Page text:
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Comedian and writer Sarah Aswell on being an observer in a pandemic

Comedian and writer Sarah Aswell on being an observer in a pandemic

From the Montana poets and writers share what they're listening to, reading, and watching lately series
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Sarah Aswell

Sarah Aswell

Sarah Aswell

Missoula-based comedian and writer Sarah Aswell.

Sarah Aswell was recently named one of the Best Unknown Comedians in America by Thrillist, a compliment she describes as also an insult. The alum of HBO’s Women in Comedy Festival and the Big Sky Comedy Festival, Aswell's work has appeared in The New Yorker, McSweeney’s, Reductress, MAD Magazine, National Lampoon, The Advocate, and Vulture, among others.

The COVID-19 pandemic has created plenty of challenges in Aswell's life. She's still working full time as the content manager at a small startup tech company in Missoula (Submittable), as well as an arts and entertainment columnist for Forbes, and is wrangling young children who are at home during the pandemic. Her lists of books to read and entertainment to consume are wide-ranging, and she shares a bit of what's keeping her busy. 

What book are you currently reading? Is there a book you are looking forward to pulling off your shelf? What about one you’re eager to order?

I usually read a ton, but right now I’m working full time, don’t have childcare, and have two young kids who need guidance to learn virtually. But I’ve been crawling through a couple of things in 15-minute chunks. "Heartberries" by Terese Marie Mailhot is a gorgeously written memoir that reads like a prose poem. "How To Change Your Mind" by Michael Pollan is a fascinating look at the use of psychedelics as medicine through history.

Locally, I’ve recently been blown away by both Kim Zupan’s "The Ploughmen" and Chad Dundas’ "The Blaze." Both are beautifully written and fast-paced thrillers.

Poems are the best to read right now. They help me process some of my tougher emotions and they don’t take the prolonged amounts of concentration that are hard to muster these days. Rachel Fields has a super accessible and moving daily poem newsletter called "Well Versed" that is often the best part of my day.

For books I’m looking forward to: I often deal with anxiety through knowledge, so I recently asked friends for recommendations for books about pandemics. I’m looking forward to digging into "The Ghost Map" by Steven Johnson, "Get Well Soon" by Jennifer Wright, and "On Immunity" by Eula Bliss.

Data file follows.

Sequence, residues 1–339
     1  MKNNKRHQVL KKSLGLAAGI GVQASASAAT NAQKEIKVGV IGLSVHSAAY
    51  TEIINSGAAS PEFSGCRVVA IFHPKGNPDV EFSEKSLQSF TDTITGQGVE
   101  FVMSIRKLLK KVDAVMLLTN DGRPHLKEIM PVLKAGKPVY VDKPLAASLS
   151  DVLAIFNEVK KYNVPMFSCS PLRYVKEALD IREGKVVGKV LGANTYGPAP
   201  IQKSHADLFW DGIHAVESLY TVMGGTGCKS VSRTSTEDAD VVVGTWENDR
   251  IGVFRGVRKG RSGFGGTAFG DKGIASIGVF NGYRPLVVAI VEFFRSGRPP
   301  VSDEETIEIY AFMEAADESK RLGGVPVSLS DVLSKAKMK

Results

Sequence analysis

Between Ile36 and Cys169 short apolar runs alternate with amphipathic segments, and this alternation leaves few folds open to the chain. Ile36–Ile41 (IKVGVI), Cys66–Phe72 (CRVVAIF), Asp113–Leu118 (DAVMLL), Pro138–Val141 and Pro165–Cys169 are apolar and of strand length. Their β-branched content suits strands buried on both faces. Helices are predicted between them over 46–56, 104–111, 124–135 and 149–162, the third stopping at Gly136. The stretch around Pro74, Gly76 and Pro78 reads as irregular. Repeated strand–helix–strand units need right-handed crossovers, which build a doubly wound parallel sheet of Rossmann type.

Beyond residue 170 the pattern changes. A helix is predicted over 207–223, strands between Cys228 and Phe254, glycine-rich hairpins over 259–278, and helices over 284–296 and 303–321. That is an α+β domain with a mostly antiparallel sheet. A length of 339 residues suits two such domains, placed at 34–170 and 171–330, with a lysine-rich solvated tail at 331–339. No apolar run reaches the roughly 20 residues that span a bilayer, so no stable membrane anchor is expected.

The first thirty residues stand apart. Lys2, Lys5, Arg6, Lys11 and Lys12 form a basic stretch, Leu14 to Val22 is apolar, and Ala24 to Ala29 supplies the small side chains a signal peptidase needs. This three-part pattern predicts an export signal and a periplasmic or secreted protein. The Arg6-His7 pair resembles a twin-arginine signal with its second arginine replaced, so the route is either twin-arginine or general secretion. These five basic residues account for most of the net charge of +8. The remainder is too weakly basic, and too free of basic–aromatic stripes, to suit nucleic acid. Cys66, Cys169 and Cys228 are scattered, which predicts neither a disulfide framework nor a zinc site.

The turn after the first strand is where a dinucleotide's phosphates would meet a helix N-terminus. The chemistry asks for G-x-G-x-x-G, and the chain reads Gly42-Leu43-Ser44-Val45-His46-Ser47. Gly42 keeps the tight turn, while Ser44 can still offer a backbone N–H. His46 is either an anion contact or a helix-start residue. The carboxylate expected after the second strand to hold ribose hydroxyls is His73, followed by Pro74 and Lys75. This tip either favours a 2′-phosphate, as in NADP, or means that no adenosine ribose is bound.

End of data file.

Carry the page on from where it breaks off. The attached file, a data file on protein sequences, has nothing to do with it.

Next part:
What have you been listening to lately? What’s your go-to music and why?

My husband recently discovered that you can ask Alexa to only play songs from a specific year, and we’ve been having fun with that. We might pick a year to listen to for an hour or a whole day. Some particularly good years we’ve discovered: 1968, 1989, 1994, 1996, 2001. 

For current artists, my staples have been Big Thief and Hooray for the Riff Raff. The local Montana artist I have on repeat is Wilma Laverne Miner. We’ve also been listening to a ton of John Prine since he became sick and died in early April. His songwriting is undeniably good.

What shows or movies are you watching right now? Do you have a guilty pleasure that you’d admit to streaming online? 

The best movie I’ve watched recently is "Parasite," which is now streaming on Hulu. I also highly recommend director Bong-Jun Ho’s other films, especially "Snowpiercer," "The Host," and "Mother." 

Since I review stand-up comedy specials for my Forbes arts and entertainment column, that takes up most of my screen time. The new specials from Taylor Tomlinson and Marc Maron are especially great. The funniest show on television right now is "Joe Pera Talks With You" — and the episodes, oddly calming, are only about 12 minutes long, which is great if you're having trouble focusing for long stretches right now.

What are you currently creating? 

Honestly, I am creating absolutely nothing right now. This is the longest I’ve gone without performing comedy since the first time I got on stage. I’m also not working on any of my own writing projects. I’m writing for work, and I’m keeping a journal, and that’s it. I think for writers and comedians, there are times to write, and there are times to live life and be present so that you can create in the future. My job right now is to survive my stressful situation and to be an observer of everything: what's happening, my feelings, and humanity. I’m not a fan of the popular line of thinking now that we should be creating and productive while we’re sheltering in place. My brain is mush. My time is double-booked between work and family. I just have to hope and believe that I will be ready to pick up a pen sometime soon.

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